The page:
Exports retain importance

BDO’s research suggests export orders continue to have a relatively strong showing, at a net 20% for the second quarter of the year. However, they have fallen dramatically from the start of the year, while domestic orders also declined by around half between Q1 and Q2. Economic growth had to an extent been buoyed by the lower value of the pound, incentivising global investors to buy British products at bargain prices – however that activity has cooled dramatically in 2018.

Consumer sentiment continues to impact demand, which in turn factors into orders – with domestic order net positivity falling from 21% to 9%. At the same time, low orders from the construction industry were cited as a key driver for order decreases.

Positive order balanceAs the prospect of a cliff-edge withdrawal from the EU threatens to impact on the ease by which UK-based supply chains can sell goods to mainland Europe, manufacturer exports have been hampered by the continuing haze of confusion surrounding what 2019 holds. While to an extent, UK orders are expected to strengthen in the coming three months, at 15% net positive UK orders, exports are expected to see another smaller decline, according to respondents of BDO’s poll.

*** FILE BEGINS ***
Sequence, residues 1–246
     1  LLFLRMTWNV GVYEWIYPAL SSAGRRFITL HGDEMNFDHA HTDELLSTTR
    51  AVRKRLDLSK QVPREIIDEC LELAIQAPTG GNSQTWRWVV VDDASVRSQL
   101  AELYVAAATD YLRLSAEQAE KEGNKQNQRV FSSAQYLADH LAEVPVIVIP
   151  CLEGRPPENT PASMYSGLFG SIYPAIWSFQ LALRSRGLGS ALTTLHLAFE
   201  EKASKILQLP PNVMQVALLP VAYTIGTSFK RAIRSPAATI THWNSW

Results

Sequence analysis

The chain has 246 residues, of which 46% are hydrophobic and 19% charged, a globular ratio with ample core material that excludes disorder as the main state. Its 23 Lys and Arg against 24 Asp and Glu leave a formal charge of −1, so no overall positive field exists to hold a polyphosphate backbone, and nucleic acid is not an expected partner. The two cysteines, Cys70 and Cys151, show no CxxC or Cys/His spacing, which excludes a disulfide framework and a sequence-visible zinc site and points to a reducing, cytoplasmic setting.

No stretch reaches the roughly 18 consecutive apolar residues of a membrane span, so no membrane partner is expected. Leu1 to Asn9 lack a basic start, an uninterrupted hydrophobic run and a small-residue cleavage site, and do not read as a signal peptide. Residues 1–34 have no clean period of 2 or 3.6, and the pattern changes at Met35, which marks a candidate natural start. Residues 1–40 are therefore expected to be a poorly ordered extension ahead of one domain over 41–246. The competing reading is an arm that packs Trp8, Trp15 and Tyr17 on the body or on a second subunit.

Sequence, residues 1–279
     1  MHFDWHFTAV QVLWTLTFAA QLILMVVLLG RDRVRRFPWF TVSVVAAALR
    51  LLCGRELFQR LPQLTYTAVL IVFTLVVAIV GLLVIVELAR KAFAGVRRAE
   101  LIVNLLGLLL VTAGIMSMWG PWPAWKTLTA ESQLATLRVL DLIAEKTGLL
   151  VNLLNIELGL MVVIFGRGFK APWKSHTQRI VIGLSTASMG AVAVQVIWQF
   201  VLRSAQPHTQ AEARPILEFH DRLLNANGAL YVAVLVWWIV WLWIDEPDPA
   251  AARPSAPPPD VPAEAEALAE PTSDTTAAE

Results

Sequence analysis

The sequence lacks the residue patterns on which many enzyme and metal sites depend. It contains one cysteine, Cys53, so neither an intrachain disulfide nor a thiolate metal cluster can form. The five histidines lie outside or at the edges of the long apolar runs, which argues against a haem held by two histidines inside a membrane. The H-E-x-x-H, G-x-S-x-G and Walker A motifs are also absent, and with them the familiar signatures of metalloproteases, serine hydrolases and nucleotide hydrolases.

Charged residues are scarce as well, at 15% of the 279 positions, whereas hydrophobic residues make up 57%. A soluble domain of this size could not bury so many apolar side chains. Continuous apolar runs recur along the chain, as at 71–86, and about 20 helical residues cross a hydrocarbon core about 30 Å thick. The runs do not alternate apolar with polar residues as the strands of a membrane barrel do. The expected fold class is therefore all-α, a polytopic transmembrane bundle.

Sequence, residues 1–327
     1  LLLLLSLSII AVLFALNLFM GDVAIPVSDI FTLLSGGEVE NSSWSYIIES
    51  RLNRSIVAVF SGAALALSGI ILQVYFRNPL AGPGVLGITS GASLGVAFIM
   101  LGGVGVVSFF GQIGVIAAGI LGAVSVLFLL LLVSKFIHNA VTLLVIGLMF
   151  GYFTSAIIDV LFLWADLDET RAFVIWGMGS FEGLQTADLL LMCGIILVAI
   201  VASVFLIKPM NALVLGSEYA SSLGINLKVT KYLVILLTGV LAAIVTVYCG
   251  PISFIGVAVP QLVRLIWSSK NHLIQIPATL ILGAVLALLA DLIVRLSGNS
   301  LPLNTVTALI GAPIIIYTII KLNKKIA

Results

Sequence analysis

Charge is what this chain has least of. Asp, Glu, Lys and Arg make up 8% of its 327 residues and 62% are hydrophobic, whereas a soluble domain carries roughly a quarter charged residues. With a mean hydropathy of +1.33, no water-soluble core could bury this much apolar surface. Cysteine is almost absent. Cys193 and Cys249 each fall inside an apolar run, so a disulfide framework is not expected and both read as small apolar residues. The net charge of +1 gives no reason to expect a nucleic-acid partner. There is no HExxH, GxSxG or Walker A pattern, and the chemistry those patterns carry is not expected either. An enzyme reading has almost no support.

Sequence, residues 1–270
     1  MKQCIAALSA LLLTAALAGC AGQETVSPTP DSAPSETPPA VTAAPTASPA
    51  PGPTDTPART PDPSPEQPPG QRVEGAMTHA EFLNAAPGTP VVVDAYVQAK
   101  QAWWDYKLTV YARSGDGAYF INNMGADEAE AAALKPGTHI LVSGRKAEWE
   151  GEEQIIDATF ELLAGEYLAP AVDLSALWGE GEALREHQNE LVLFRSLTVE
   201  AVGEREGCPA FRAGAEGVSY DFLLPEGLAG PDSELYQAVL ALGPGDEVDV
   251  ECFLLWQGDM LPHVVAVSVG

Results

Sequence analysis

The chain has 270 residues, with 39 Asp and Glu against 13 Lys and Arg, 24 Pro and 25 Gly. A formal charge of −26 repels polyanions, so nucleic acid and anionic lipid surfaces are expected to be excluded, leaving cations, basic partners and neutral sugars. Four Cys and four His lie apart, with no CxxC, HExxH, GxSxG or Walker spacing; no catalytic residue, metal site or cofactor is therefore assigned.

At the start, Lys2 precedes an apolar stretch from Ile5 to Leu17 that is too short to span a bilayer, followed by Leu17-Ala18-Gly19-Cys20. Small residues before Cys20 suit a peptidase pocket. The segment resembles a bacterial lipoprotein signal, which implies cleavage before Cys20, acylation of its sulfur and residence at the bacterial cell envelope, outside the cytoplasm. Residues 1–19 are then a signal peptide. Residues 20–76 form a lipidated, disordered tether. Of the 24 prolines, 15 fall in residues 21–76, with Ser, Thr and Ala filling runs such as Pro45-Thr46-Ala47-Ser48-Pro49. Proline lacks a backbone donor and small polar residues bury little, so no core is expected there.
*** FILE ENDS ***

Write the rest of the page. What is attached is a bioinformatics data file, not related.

Commenting on the results, Tom Lawton, Partner and Head of BDO Manufacturing, said, "Following a record breaking 2017 and a strong start to 2018, we are starting to see the impacts of the on-going political and economic uncertainty on the UK manufacturing sector. However, despite the sector's slowing performance this quarter, manufacturers - which are the economic engine of the UK economy – still remain cautiously optimistic about the future."